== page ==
A Site Meter widget goin’ to a bazillion
And an Alltop confirmation that indeed, I really do kick ass

(Tell me watchya need)

I’ll need a MacBook Pro with a screen de-fogger
And a big black jet that’s gonna fly me to BlogHer
Gonna join the mile high club and post at thirty-thousand feet

(Been there, done that)

I want a Google ranking that goes higher than Mars
With a broadband connection faster than a Nascar
Somewhere between Kasey Kahne and Dale Earnhardt is fine for me

(So how you gonna do it)

I’m gonna write my guts out for fortune and fame
I’d even quit my job and divulge my name

Cause we all just wanna be big blog stars
And spill our whole lives writing in a coffee bar
The links come easy and lattes come cheap
With an extra shot so we just won’t sleep
And we’ll
Be so cool that we won’t even blanch
When we see Glenn Reynolds sent an “Insta-lanche”
Every good Mommy Blogger’s gonna wind up there
Every Medblogger  blogging in the scrubs they wear and
Hey hey I wanna be a blog star
Hey hey I wanna be a blog star

I wanna be great like Dooce, and have super grammar
Hire eight body guards that love to beat up spammers
Get some business cards and hand ’em out to everyone I see

(And write ’em off at taxtime)

I’m gonna Tweet my blog links with the utmost gusto
Get a free registration to  the BlogWorldExpo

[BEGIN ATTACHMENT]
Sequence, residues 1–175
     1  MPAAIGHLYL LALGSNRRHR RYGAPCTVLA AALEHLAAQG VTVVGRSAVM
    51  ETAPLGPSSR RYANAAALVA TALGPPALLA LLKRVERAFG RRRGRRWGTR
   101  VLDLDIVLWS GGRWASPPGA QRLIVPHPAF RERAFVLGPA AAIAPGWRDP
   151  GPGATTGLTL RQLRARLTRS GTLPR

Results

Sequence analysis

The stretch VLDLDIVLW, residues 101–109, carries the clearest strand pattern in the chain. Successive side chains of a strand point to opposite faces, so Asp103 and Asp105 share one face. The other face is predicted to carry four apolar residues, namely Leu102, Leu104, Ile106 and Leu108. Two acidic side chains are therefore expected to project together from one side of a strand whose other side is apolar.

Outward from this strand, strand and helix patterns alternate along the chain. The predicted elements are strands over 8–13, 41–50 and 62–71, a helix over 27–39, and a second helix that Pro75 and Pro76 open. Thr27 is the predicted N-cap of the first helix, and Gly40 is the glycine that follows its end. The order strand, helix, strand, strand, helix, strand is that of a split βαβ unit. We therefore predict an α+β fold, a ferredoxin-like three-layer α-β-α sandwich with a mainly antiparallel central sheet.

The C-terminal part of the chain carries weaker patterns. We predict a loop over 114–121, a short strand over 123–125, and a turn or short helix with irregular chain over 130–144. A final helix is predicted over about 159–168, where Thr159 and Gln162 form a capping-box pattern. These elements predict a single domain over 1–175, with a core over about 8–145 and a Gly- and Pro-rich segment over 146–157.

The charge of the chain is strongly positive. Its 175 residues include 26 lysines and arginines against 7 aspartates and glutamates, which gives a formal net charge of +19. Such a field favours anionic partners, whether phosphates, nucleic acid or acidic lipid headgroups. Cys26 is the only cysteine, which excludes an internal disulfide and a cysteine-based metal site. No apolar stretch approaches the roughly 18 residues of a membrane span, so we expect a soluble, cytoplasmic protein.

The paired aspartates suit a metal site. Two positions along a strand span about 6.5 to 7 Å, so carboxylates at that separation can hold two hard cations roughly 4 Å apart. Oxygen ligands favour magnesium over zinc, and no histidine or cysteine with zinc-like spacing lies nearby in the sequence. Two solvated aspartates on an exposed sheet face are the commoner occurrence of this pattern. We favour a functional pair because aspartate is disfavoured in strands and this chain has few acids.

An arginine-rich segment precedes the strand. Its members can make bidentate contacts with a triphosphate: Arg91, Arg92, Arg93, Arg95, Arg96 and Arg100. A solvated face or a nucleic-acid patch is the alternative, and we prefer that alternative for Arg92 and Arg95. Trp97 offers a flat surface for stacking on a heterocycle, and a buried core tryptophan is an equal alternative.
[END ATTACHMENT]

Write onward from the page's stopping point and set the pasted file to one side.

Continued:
Gonna sell ad space so I can spend all my money on me

(So how you gonna do it)

I’m gonna post my way to fortune and fame
I’ll comment on every blog and even leave my name

‘Cause we all just wanna be big blog stars
Hopin’ the posts they read are almost always ours
We can post in our underwear and stay in bed
And make avatars that look just like a Lego head
And we’ll
Hang out in a virtual place
In the VIP where the blogosphere waits
Every good post writer’s gonna wind up there
And we’ll post with abandon and not even care
Then we’ll
Get a guest to do our blogging for us
Use the latest dictionary and a big thesaurus
Then we hit the “submit” button with an relieved smile
Everybody’s got a web consultant on speed dial, well
Hey hey I wanna be a blog star

I’m gonna be controversial and give my opinion
Cos this blog I’m writing’s under my dominion
And it ain’t lip service, it’s just where I’ve been
And tomorrow I’m just gonna do it all again

Well we all just wanna be big blog stars
And post our heartfelt stories and expose our scars